Sign up for our newsletters Subscribe
I'm wondering if my inability to get particularly aggrieved about TUCC pastor Jeremiah Wright's "God damn America" comments is a cultural thing, specifically a Southern thing. I just started C. Vann Woodward's The Burden of Southern History, and this passage, I think, is relevant:
"American opulence and American success have combined to foster and encourage another legend of early origin, the legend of American innocence. According to this legend Americans achieved a sort of regeneration of sinful man by coming out of the wicked Old World and removing to an untarnished new one. By doing so they shook off the wretched evils of feudalism and broke free from tyranny, monarchism, aristocracy, and privilege--all those institutions which, in the hopeful philosophy of the Enlightenment, accounted for all, or nearly all, the evil in the world. The absence of these Old World ills in America, as well as the freedom from much of the injustice and oppression associated with them, encouraged a singular moral complacency in the American mind. . . .
"How much room was there in the tortured conscience of the South for this national self-image of innocence and moral complacency? Southerners have repeated the American rhetoric of self-admiration and sung the perfection of American institutions ever since the Declaration of Independence. But for half that time they lived intimately with a great social evil and the other half with its aftermath. . . . It writhed in the torments of its own conscience until it plunged into catastrophe to escape. The South's preoccupation was with guilt, not with innocence, with the reality of evil, not with the dream of perfection. Its experience in this respect, as in several others, was on the whole a thoroughly un-American one.
"An age-long experience with human bondage and its evils and later with emancipation and its shortcomings did not dispose the South very favorably toward such popular American ideas as the doctrine of human perfectibility, the belief that every evil has a cure, and the notion that every human problem has a solution. . . . In that most optimistic of centuries in the most optimistic part of the world, the South remained basically pessimistic in its social outlook and its moral philosophy. The experience of evil and the experience of tragedy are parts of the Southern heritage that are as difficult to reconcile with the American legend of innocence and social felicity as the experience of poverty and defeat are to reconcile with the legends of abundance and success."
I think this has a lot to do with the appeal of Obama, and why he so often invokes the ghost of the "tiers-mondiste politically correct America-hating radical" Abraham Lincoln. If I could have bet money that Obama would start today's speech on race with Lincoln, I'd be a bit richer (depending on the lenience of the judges). Lincoln was a Southerner by the grace of God (actually, he was as Appalachian as anything, if we're to go by his mountain accent, yet another layer of American weirdness) and a Yankee by Providence, to the extent southern Illinois is the North. His bleak appraisal of America's sin, though directed at the South, is imbued with Southern tragedy; his hope against hope that such sin could be redeemed is quintessentially American.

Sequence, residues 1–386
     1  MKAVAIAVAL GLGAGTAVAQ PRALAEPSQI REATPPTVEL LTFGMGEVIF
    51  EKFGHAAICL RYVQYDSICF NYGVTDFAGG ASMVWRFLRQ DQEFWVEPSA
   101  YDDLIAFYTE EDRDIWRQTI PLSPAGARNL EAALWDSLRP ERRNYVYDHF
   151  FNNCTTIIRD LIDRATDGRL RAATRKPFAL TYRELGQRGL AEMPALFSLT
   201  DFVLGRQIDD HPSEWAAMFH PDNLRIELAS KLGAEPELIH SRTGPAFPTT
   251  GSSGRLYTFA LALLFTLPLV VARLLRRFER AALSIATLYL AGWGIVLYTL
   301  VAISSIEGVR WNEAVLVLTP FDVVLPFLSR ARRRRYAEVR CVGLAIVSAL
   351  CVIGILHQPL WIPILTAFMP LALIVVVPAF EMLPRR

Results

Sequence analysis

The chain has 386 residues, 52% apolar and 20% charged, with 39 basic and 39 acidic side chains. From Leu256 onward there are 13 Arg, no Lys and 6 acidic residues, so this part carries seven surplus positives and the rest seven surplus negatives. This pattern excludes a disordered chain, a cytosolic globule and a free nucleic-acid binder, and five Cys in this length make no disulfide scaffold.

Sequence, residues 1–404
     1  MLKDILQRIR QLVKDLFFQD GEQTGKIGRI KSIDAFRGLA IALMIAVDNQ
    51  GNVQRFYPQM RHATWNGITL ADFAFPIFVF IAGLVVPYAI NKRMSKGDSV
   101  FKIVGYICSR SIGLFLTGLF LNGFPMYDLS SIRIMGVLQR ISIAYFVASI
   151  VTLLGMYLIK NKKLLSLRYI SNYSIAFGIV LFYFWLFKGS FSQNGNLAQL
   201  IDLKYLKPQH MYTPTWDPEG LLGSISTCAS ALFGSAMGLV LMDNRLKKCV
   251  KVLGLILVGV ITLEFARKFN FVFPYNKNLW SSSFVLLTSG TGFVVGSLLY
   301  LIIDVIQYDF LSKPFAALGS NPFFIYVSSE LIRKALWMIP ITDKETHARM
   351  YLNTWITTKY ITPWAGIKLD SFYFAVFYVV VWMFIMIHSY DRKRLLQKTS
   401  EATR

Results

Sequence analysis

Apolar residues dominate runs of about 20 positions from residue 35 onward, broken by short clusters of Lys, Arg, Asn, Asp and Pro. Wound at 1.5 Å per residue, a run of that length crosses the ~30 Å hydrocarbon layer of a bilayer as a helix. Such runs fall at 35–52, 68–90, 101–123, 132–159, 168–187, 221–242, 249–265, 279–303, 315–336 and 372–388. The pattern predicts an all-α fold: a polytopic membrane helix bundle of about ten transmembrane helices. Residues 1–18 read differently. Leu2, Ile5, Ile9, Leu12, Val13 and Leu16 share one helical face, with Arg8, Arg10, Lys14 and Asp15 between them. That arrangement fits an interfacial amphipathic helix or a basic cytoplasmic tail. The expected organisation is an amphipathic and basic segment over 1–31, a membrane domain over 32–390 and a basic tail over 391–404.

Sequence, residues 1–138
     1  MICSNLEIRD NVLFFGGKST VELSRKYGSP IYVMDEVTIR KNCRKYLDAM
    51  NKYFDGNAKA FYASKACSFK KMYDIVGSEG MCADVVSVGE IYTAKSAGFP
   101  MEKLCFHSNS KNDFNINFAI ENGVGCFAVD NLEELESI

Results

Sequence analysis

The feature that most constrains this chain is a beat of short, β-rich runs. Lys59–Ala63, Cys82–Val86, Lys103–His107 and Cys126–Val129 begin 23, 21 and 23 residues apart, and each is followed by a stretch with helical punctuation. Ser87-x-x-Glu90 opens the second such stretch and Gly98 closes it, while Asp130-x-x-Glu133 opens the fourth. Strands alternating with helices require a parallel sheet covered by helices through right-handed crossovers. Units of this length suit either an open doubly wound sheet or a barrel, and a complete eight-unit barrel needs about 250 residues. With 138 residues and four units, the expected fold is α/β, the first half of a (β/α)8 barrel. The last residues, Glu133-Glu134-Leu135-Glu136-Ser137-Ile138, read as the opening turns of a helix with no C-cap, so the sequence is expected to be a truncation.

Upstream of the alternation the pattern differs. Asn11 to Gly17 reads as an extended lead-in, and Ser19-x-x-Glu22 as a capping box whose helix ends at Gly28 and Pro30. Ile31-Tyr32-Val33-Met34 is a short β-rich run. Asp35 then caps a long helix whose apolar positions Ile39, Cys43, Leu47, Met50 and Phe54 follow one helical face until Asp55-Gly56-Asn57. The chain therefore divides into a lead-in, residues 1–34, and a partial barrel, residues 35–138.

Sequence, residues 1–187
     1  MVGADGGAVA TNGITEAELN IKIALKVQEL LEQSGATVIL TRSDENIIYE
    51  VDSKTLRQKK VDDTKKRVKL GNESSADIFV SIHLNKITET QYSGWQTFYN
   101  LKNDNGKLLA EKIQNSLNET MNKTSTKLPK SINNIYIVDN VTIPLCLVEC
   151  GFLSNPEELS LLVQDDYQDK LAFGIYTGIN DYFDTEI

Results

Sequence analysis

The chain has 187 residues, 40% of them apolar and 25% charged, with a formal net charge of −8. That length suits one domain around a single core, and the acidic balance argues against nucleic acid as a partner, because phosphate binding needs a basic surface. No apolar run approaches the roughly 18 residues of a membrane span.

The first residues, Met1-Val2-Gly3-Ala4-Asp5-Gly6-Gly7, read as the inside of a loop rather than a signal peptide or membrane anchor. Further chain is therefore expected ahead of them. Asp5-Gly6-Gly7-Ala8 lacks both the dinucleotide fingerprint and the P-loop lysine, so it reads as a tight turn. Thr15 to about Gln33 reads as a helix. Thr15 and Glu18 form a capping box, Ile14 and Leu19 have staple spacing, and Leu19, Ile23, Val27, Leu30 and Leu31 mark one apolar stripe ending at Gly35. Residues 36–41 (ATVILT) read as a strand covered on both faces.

Obama, as the biracial son of an immigrant and a Kansan progressive, who grew up in the foreign and recently-foreign climes of Indonesia and Hawaii, is both of and not-of America's dark history, and I think he responds to the Lincoln who was part of and separate from the South's original sin. That's why I believe him when he says he both understands and rejects--not so much rejects as believes we can overcome--Wright's comments. That's basically what today's speech was about.
I'm not saying this to lionize Obama--he's an adept politician and a strong candidate for national office, and it's pretty much impossible to get to that point without compromising, without doubletalk, without being a player. Running for president is not something sane people do. To borrow my favorite of Wright's controversial phrases, riding dirty is involved; Lincoln was more compromised than people like to remember, for reasons historians are still trying to wrap their heads around. I already have my reasons for skepticism, and if more comes out, I'll be disappointed but not exactly surprised. (Update: Here's a good long piece on Obama's use of petition challenges to knock off early local opponents. He's not soft-batch.)
This unusually complex controversy says a lot about the Obama phenomenon. What it says about Obama as a potential leader of the free world and administrator of the federal government I have no idea. This isn't about position papers and legislative accomplishments; it's about history, sin, and Providence, and it would be a mistake, at this fascinating moment, to resume the compulsory game.